When Matías Hercovich left his silk tie at home and first walked into his new office in the Casco Viejo section of Panama City, he thought he was following his boss’s instructions to dress down. Coming straight from the buttoned-up legal world of New York and Miami, used to suits and institutionalized formalities, he was shocked to find the CEO of Selina, his new employer, in T-shirt and flip-flops. “Flip-flops,” he says. “I thought, ‘Can I work in a place like this?’”
Years before, Hercovich had departed his native Chile to learn best practices at Columbia Law School and find opportunity in the US—dreams he had been fulfilling while working in immaculate offices with well-dressed people. Now he found himself global vice president of legal at Selina, a hospitality and experiential start-up with a great track record. It also, apparently, came with flip-flops.
Hercovich’s previous position had been general counsel for a Blackstone-backed corporate telecom infrastructure company. “It was very sophisticated,” he says. “But we were building towers. Our most important asset was steel. Steel—it has no feelings.” Selina offered a welcome change. “This company is about people making meaningful connections,” he says. Despite the initial shock, he stuck it out, saw how well his coworkers treated each other, and fell in love with the company—informal footwear and all.
The feeling may not have been entirely mutual at the beginning. “I think the CEO felt that things would be better without lawyers. Like the world would be better without lawyers,” says Hercovich, laughing. He accepted the challenge of demonstrating his necessity, which took just a few months. When he closed his first deal, a property in Nicaragua, he not only used his legal expertise but also demonstrated the cultural competency needed to gain the sellers’ trust. That proved Hercovich’s utility, and his blend of people skills and systems development has continued to be a huge benefit to Selina. The company now holds more than fifty-five properties across fifteen countries on three different continents and is valued at around one billion dollars. “Almost a unicorn,” Hercovich says.
Founded in 2007 and named after the Greek goddess of the moon, Selina has been on a rocket-like trajectory, with locations throughout Latin America. And the company is continuing to expand: in 2019 it launched in the US (New York and Miami) and Europe (Portugal, Greece, and Germany), and is also on track to open properties in Asia and the Middle East in 2020.
Hercovich, who has been key to this growth, says his job is “to manage a talented group of lawyers to achieve company goals.” The legal department, which ran on a bare-bones staff of three when he arrived, is now thirteen strong. His role spans both supporting business development and gatekeeping. “You don’t want to be the no-sayer, but you don’t want to take risks that will hurt the company,” he says. Rather than letting those potentially contradictory functions conflict, Hercovich brings them together in a cohesive system.
When Hercovich arrived at the company it mostly lacked standardized legal assessments, relying instead on instinct to achieve commercial growth. Unlike his previous employers, Selina had no existing framework to lean on. Hercovich applied the experiences gleaned over the course of his career to build a new structure, leading transformation to what he describes as a “faster and safer” method, utilizing standardized contracts and focusing on legal risk assessment. This framework has facilitated the company’s scaling up. Before his arrival in 2017, the founders averaged one property closing every four months, whereas Hercovich says Selina now negotiates an average of 4.2 deals per week.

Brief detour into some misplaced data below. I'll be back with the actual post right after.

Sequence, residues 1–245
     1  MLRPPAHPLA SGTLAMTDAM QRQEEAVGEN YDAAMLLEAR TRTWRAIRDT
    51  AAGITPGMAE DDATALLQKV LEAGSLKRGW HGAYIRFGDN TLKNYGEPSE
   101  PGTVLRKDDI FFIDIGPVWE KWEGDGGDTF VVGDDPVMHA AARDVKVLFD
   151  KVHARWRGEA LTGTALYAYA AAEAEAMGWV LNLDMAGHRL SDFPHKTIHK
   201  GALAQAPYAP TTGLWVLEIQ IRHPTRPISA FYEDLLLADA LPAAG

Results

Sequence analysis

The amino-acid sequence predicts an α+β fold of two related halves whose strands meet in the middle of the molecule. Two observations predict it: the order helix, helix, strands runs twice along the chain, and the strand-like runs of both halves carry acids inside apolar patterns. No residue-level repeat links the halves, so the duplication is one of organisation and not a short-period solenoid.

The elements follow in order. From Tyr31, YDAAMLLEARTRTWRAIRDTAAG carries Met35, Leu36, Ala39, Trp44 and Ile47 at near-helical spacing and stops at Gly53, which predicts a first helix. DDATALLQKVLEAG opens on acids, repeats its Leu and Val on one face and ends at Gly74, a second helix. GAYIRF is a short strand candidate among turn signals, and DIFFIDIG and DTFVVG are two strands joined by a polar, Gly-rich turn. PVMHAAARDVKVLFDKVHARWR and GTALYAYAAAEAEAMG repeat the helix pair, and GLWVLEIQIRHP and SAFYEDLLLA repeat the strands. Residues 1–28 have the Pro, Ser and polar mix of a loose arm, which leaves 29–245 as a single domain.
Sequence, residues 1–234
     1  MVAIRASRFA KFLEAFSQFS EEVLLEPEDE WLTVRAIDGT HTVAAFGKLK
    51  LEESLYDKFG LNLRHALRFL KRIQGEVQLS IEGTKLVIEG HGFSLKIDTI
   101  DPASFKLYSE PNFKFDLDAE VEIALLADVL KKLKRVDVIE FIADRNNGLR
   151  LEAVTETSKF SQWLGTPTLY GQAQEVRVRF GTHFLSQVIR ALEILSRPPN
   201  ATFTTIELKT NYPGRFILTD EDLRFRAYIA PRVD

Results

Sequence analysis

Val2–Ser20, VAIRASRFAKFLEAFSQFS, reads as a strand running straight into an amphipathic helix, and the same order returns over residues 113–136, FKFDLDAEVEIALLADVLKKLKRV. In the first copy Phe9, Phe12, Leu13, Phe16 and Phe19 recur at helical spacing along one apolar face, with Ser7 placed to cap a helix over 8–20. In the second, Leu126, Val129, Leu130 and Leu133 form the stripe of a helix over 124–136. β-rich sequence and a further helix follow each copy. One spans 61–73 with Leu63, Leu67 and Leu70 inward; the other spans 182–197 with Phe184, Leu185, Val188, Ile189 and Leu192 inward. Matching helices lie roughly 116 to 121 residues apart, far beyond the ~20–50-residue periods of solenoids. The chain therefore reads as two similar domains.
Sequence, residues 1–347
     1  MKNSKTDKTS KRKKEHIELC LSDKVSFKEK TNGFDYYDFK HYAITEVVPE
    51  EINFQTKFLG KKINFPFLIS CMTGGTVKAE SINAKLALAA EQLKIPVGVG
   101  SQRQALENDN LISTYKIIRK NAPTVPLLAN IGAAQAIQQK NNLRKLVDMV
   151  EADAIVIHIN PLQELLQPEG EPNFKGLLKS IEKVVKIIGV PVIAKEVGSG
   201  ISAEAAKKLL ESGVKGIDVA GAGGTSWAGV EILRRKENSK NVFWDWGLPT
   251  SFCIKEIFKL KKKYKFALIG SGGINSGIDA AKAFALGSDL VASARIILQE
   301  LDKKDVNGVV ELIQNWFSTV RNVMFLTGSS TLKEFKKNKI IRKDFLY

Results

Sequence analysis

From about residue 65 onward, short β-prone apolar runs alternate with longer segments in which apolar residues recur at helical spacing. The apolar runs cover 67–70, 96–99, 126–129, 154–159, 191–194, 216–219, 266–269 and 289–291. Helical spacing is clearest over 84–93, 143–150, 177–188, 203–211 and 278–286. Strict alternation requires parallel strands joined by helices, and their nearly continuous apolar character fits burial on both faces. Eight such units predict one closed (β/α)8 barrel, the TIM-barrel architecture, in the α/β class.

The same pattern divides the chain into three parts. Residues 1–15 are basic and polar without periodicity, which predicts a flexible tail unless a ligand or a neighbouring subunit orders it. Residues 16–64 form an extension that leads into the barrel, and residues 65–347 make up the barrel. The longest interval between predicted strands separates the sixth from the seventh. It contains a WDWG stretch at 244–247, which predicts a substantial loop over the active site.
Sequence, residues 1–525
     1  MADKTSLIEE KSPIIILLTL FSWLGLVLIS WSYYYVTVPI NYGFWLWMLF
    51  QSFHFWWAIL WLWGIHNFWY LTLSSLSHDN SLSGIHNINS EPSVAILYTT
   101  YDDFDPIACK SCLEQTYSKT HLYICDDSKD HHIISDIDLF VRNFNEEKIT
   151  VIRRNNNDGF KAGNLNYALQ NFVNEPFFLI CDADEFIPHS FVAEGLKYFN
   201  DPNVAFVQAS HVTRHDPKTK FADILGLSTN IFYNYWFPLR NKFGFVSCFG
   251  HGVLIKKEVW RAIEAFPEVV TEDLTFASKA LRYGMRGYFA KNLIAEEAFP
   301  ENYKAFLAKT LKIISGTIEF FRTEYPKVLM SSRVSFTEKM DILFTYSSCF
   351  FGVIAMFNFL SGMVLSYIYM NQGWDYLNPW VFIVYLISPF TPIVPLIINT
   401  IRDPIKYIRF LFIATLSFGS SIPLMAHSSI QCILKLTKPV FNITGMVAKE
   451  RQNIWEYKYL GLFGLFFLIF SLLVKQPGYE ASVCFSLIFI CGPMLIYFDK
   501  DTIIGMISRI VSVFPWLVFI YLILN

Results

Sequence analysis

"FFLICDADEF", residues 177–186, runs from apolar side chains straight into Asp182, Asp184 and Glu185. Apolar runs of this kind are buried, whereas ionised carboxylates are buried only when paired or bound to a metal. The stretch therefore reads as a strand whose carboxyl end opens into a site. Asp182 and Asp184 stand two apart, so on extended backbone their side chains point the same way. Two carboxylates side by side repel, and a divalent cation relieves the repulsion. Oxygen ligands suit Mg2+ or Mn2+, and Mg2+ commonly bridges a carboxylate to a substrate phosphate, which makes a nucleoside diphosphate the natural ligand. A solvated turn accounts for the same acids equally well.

“Every country is a different world.”
Along with changing contract systems, Hercovich insisted on other remodels after joining the company. Attorneys, both in-house and outside counsel, no longer receive incentives to close, and no attorney reports to a department outside of legal. “This was about ensuring the quality of evaluation and documents,” Hercovich says.
These shifts reflect a focus on the big picture. “If you want an IPO, you need the house to be organized in a way it can be understood and fulfill promises,” Hercovich explains. As Selina expands to the US, Europe, and Asia—areas where regulations are generally tighter—his systems will be tested. So far, his work has buoyed growth and supported the advantage of a detailed risk assessment.
“Every country is a different world,” Hercovich says. Most of the contract work in Latin America can adhere to a single legal backbone that runs through the region. Now, with the expansion into other continents, Hercovich must manage a team working in vastly different time zones with varying cultural norms and legal traditions. Still, he welcomes the challenge of replicating his previous success. “Ninety percent of the work is setting up structures that will function in more regulated and sophisticated systems,” he says.
As Selina grows, Hercovich’s department continues to oversee a long list of functions: corporate law, real estate law, labor, litigation, compliance and risk management, corporate governance, transactional work, and M&A—a dizzying array of duties that doesn’t seem to daunt him one bit. He subscribes to the company’s sensibility, which he describes as “taking their work, but not themselves, seriously.” While Hercovich still hasn’t come around to doing this exploration in flip-flops, he admits that when working from home, he now sometimes does it in his socks.
“Matias’s strong commercial acumen, dedication, and drive to succeed are inspirational. He is an excellent lawyer who leads by example, and we congratulate him on his well-deserved recognition in Modern Counsel.”
–Wesley Pydiamah, Partner